Berkeley Homes Chairman is the second highest paid UK Company Exec at a cool £22m. Their bonus incentive pot for its employees is around £1bn if they hit targets. We are essentially giving away our green land to line the pockets of the fat cats with absolutely no guarantee of delivering the housing we need for our current UK population. To hit their profit targets they will take up the plan’s invitation to pull out of all affordable housing provision they can (affordable is defined as 80% of market rate, ie not affordable) based on “viability” grounds.

    Also, what does Mr Bridger think bees do? Buzz around, doing naff all all day, admiring their natural environment? “Pollinators are a critical link in our food system. More than 85 per cent of earth’s plant species – many of which compose some of the most nutritional parts of our diet – require pollinators to exist. Yet we continue to see alarming declines in bee numbers,”

    “A world without honeybees would also mean a world without fruits, vegetables, nuts, and seeds. Nearly one-third of the world’s crops are dependent on honeybees for pollination, but over the last decade the black-and-yellow insects have been dying at unprecedented rates” Quoted from What Our World Would Look Like Without Honeybees, Dina Spector, Business Insider 2013.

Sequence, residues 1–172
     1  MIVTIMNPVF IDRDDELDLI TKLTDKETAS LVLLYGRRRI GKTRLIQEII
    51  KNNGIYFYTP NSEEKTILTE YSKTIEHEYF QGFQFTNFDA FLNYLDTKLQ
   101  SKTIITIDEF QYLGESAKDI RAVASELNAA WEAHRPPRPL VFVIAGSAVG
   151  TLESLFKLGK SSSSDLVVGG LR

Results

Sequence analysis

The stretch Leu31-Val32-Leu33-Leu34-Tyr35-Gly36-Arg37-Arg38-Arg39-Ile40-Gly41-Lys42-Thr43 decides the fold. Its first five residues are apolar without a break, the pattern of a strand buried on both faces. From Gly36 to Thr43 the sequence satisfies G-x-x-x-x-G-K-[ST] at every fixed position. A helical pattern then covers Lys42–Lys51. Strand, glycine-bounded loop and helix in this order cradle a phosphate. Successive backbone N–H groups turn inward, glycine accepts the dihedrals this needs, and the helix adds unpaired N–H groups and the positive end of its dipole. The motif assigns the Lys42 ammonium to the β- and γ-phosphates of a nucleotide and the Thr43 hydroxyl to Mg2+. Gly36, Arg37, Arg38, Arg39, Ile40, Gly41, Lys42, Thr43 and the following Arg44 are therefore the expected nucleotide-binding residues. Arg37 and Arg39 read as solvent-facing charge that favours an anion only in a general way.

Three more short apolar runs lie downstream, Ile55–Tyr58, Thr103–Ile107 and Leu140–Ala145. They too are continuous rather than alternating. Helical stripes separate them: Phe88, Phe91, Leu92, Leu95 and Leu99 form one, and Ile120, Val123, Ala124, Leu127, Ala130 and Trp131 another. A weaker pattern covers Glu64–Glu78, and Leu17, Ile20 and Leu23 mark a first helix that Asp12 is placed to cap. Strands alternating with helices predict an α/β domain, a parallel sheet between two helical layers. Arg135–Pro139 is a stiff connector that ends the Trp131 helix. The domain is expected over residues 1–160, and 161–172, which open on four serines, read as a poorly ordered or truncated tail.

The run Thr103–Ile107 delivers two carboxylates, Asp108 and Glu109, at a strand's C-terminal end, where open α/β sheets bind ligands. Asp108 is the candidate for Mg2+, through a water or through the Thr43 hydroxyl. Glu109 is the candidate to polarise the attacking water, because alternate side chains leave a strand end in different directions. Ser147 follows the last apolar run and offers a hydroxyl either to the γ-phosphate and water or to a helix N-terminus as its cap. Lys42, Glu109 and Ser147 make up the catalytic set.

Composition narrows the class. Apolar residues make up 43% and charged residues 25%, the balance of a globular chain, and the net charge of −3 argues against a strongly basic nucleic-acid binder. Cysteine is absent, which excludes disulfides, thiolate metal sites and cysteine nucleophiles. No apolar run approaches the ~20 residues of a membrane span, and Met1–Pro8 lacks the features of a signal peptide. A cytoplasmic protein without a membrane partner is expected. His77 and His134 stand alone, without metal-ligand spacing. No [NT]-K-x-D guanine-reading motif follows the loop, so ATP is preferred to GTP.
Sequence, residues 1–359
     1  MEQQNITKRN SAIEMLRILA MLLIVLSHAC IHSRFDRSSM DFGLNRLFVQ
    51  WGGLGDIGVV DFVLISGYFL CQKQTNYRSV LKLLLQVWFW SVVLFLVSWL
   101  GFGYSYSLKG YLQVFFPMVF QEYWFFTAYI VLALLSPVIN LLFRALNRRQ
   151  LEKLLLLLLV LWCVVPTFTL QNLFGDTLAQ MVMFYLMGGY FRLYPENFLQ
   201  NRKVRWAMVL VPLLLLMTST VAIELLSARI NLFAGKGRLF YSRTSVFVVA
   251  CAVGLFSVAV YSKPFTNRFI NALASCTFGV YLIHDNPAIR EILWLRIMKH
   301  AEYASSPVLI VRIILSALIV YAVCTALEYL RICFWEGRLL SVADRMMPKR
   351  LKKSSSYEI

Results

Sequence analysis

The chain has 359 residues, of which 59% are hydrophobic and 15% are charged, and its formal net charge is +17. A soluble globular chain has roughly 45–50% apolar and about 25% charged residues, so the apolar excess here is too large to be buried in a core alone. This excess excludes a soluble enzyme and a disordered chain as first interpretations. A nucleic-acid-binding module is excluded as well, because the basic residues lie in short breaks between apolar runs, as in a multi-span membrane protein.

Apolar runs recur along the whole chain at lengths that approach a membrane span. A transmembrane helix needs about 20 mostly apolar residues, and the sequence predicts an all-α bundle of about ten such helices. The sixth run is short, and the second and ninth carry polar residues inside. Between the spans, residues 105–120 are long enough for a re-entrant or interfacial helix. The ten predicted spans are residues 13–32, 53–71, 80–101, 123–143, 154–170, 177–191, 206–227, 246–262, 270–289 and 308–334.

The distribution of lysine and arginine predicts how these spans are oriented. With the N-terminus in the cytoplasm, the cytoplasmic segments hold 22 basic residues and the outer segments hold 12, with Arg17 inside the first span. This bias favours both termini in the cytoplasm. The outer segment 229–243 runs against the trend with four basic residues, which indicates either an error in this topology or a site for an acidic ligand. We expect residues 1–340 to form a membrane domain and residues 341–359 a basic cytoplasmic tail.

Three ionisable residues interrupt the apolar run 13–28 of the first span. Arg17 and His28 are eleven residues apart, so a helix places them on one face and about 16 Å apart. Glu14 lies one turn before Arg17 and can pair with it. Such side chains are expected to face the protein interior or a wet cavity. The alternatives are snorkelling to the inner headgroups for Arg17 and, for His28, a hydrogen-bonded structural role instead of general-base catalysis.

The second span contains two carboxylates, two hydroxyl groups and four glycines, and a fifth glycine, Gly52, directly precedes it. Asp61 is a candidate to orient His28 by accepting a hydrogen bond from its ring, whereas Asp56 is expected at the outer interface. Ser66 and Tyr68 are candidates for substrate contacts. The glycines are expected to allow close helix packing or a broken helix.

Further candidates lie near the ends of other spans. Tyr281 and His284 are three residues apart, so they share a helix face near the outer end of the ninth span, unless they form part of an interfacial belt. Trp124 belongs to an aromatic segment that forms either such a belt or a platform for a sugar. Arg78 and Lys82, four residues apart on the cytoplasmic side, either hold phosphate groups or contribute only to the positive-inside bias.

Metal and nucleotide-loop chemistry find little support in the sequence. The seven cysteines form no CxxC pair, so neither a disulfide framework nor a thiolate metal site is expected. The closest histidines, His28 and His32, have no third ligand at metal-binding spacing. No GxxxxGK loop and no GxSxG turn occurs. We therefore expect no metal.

Let’s look at it another way, 2/3rds of the proposed housing in the revised Local Plan is destined for the green belt. To accuse people of campaigning that this level of green belt development means they are against any green belt development is a gross misrepresentation.

  6. Harry Eve Reply

    April 27, 2016 at 9:17 am

    I am surprised that Mr Bridger thinks that the area of green belt that our council plans to throw away for the benefit of developers is “only around 300 acres”.

    I would be interested to hear from Mr Bridger how he arrived at that figure as I believe the reality is much higher.

    • Ben Paton Reply

      April 27, 2016 at 6:55 pm

      Where indeed does Mr Bridger get his figure of 300 acres as the total amount of Green Belt sacrificed to developers in the draft local plan? Three Farms Meadows in Ockham, also known as land at the former Wisley airfield ALONE is a bit under 300acres in size. So Mr Bridger’s figure is miles out.